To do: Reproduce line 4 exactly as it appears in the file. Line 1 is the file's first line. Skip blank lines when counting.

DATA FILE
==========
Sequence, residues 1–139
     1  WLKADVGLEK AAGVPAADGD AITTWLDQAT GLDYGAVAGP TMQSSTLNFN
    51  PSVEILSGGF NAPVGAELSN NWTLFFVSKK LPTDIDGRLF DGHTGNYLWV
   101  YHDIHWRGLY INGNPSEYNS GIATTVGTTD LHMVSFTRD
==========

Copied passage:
   101  YHDIHWRGLY INGNPSEYNS GIATTVGTTD LHMVSFTRD